Asserting my right of self protection is linked with my judgement of how serious and impending the threat. At what point does my failure to act cause irreparable harm to life? Is supporting the conservation movement one in the same as my right to self protection?
Defending my right to self protection is not confined solely to the physical realm. I can also seek to persuade others of the importance of my rights with those things I say and make. My effort with Fragile Earth is to cause pause and encourage the consideration of the scope of rights and their mutual advantage.
All life has the right to be regarded as important and potentially beneficial.
The Wren in Winter
For Piano, Strings, Oboe D'Amore, Bassoon, Piccolo, Trumpet, Woodwind section, and French Horns.
The wren is a tiny bird and frequent visitor to my garden. As a child, my favourite coin was the farthing that featured a beautiful depiction of a wren on one side. That it was the lowest unit of currency that ceased to be used in the year of my birth made it all the more valuable.
I rarely use explicit representation in my art and music, however the idea of what it is to value something is so abstract and personal, I thought it helpful when supporting this principle.
Look left from oak to right of beech,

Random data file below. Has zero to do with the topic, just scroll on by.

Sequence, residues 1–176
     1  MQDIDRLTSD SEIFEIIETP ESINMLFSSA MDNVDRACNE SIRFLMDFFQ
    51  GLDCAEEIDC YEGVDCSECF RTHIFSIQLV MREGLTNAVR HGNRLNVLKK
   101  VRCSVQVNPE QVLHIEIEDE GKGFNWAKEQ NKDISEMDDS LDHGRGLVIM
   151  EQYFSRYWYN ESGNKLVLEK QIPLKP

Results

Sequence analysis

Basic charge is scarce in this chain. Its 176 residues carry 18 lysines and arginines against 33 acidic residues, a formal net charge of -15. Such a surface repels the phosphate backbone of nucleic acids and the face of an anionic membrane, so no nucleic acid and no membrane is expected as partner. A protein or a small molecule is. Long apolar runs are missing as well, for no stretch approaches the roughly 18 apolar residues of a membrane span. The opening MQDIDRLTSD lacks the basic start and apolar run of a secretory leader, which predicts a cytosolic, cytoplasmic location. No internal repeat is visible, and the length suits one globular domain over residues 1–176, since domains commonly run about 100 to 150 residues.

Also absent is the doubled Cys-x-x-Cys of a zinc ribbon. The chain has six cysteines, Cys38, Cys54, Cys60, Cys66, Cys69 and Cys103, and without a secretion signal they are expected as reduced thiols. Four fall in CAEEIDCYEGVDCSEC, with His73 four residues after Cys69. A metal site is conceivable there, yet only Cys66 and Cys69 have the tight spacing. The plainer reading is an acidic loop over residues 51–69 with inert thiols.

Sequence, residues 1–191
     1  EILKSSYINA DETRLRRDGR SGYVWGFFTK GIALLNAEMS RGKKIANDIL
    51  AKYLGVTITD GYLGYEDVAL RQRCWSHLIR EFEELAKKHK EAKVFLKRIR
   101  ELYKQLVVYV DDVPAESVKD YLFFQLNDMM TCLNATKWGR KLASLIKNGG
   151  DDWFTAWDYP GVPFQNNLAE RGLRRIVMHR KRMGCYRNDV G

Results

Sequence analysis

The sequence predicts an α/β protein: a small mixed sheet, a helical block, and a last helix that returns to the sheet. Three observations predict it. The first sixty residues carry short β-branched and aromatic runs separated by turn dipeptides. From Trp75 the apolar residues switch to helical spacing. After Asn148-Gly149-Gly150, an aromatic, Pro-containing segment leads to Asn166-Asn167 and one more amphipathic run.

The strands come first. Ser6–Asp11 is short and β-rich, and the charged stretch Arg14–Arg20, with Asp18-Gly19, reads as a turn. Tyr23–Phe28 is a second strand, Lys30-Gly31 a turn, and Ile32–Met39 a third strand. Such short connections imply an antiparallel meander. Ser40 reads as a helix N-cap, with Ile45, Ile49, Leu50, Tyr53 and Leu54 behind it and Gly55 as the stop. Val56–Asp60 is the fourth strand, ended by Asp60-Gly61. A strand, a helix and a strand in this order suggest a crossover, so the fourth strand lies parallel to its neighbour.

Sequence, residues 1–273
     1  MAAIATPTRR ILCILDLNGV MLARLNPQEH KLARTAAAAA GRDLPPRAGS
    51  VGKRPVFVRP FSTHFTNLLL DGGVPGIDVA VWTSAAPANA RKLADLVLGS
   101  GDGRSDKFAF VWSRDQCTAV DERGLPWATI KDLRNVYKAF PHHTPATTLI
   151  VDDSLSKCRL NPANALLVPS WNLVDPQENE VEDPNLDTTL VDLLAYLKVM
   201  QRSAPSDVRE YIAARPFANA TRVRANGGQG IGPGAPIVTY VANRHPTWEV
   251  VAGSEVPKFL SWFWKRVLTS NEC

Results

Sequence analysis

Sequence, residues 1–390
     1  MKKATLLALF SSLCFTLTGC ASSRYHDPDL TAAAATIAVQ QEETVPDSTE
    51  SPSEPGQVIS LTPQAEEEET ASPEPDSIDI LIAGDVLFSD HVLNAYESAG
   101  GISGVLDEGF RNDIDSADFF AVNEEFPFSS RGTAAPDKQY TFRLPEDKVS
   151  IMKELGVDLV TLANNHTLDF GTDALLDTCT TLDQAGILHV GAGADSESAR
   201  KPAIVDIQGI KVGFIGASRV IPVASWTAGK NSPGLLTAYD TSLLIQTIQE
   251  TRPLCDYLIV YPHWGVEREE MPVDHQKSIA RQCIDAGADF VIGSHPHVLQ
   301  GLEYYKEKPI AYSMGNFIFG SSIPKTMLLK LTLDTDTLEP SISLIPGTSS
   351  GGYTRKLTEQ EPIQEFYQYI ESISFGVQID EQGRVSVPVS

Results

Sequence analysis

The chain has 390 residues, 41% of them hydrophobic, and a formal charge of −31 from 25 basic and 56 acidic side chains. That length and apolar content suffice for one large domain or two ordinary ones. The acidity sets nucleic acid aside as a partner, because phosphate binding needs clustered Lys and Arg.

Glance up to slumbered canapy,
A ball of rufous mottled feathers fills with crisp cold air,
You beauty of the frozen mist and frosted whitened wood,
Sing loud, sing long with spirit full your silken rare and rippled song.
Living beings have the right to act, communicate, or think as they wish as long as they do not harm other living things, or place them in imminent danger.
For Strings and Piano.
Freedom: the ability to act, change, communicate, or think without hindrance.
Freedom is aligned with liberty (physical, psychological, spiritual, religious, social, political, and economic), autonomy (informed, uninhibited decision), and free will (the ability to choose between different courses of actions).
Although music cannot explicitly convey meaning, it can serve as a trigger to thought and feeling. The name and context of this music serves to expand its spell.
My view is that freedom is a quality of experience, and in this it is dynamic and different at any given time, and for every living thing.
A sentient being has the right to give and receive love.
Without Reason I Will Love
For Violin, Piano, Viola, Cello, Double Bass, English Horn, Boroque Bassoon, and Strings.
Love has no reason save itself
Save: other than, but, except. To keep safe or rescue from harm or danger. To store for future use.
As love is many things to people and takes many forms, it is perhaps helpful to express my understanding:
Love: powerful, positive feelings and actions towards another, or others. More than attraction or desire. The foundation of a life well lived.
With this in mind, The Right to Love is not confined to personal and romantic love, but applies more widely to the right to feel and act with love.